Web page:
Small Parisian anecdotes

From 26 april 2021 to 25 april 2028

Paris is the dynamic centre of French creativity and know-how. The capital manages to distinguish itself in many fields, including culture, art, fashion, gastronomy and cosmetics. Paris also has many anecdotes that contribute to its history.


The Eiffel Tower: participation in the war effort


Tour Eiffel The Eiffel Tower is THE symbol of the capital. Appreciated every year by millions of tourists from all over the world who come to take its picture, the Eiffel Tower has not always had its moments of glory.

At the beginning of its presentation in 1889, the Iron Lady amazed and impressed. A real success for its engineer, Gustave Eiffel, the Tower was originally a temporary project built for the Universal Exhibition in Paris in 1889. But little by little, its success and fame diminished, leaving room for the doubt and uncertainty of an enormous iron structure that was taking up space.

In order not to put an end to this creation, which was synonymous with France's industrial progress, Gustave Eiffel found a solution: to use the Eiffel Tower for military purposes. During the First World War, this metal construction was used as an observation post, as telegraphy tests carried out beforehand had made it possible to achieve links of up to 6,000 kilometres. With this technique, France could follow the movements of German soldiers via their mobile stations.


The Eiffel Tower: protected by law at night.


To continue on the subject of the Eiffel Tower, a most surprising fact that is probably still unknown to many: it is forbidden to photograph the Eiffel Tower... at night! This prohibition is a legal matter. Indeed, the Iron Lady is a private property and is therefore protected by law. But it is not the Tower itself that is problematic since it has been in the public domain for 28 years. It is its lighting, provided by the Société d'Exploitation de la Tour Eiffel, that poses a problem for photography. To legally divert this constraint, it is necessary to obtain an authorization from this company.


The Arc de Triomphe: originally an elephant...

In 1836, the 50-metre high Arc de Triomphe was inaugurated. Commissioned by Emperor Napoleon I in 1806, the monument was not completed until 1836 under the reign of King Louis-Philippe. The Arc de Triomphe is directly inspired by Roman traditions and their arches, symbolising the end of the fighting and the recognition of the soldiers who fought for the fatherland. The monument is engraved with numerous events and battles, including the departure of the Volunteers (1792), the capture of Alexandria and the battle of Austerlitz. 660 names are inscribed on the inner sides (mostly officers, including those who died in battle). Today, the Place de l'Etoile and its Arch form a commemorative place where each year historical events are commemorated (Armistice of 1918, end of the Second World War in Europe, storming of the Bastille...). If the historical elements of this Arch are more or less known by all, the initial project of Napoleon Bonaparte is less known... Originally, Napoleon Bonaparte wished to place a monument to the glory of his army on the Bastille square. The shape was completely different too, as he wanted an elephant with a museum celebrating the emperor inside. The Little Corporal's advisors finally succeeded in making him change his mind, but the project was not completed until a few years after his death in 1821.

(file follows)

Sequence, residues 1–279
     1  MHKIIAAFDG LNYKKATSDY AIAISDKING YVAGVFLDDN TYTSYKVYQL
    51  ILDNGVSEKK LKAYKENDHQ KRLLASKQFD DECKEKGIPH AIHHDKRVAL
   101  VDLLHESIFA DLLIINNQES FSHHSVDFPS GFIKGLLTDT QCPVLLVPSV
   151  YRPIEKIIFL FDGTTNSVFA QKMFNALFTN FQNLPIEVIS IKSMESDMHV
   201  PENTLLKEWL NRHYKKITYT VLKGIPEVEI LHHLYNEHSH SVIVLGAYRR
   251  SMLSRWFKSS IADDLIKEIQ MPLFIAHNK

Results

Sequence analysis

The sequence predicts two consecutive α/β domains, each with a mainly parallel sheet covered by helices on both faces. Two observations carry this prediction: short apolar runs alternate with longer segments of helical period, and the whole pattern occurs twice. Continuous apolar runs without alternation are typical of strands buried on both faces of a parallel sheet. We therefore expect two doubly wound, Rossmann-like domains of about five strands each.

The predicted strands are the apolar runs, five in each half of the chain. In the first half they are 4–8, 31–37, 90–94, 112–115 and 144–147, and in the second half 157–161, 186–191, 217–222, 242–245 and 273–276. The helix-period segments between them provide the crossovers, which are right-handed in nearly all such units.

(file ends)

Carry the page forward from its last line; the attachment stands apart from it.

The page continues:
The Place de la Concorde: a once bloody place

Place de la Concorde avec l'obélisque de LouxorThe Place de la Concorde, located at the entrance to the Avenue des Champs-Elysées, is one of the most famous squares in Paris.

Its obelisk from Luxor (Egypt, 33 centuries ago), its fountains and its hotels around the place contribute to the charm of the famous square. And if today we cross the paved alleys and stop to admire the landscape, we could not do so a few centuries ago... Formerly named Place de la Révolution, this space was used as a guillotine display. 

After two moves (Place de Grève and Place du Carrousel), the beheading machine was installed on the Place de la Révolution and saw many personalities of the time, judged during the French Revolution, pass through. For thirteen months, 1120 people were beheaded in full view of the public. Among the victims, the first to be beheaded were King Louis XVI and his wife Queen Marie-Antoinette, followed by the feminist and politician Olympe de Gouges, the politician Danton, the chemist Lavoisier, and the controversial Robespierre...


Do you know any other anecdotes about the City of Light?

Other amusing and sometimes surprising tales make the capital a well of stories where myths and reality are mixed. The anecdotes are numerous and surround the whole city. Do you know any others? Which ones surprise you the most?

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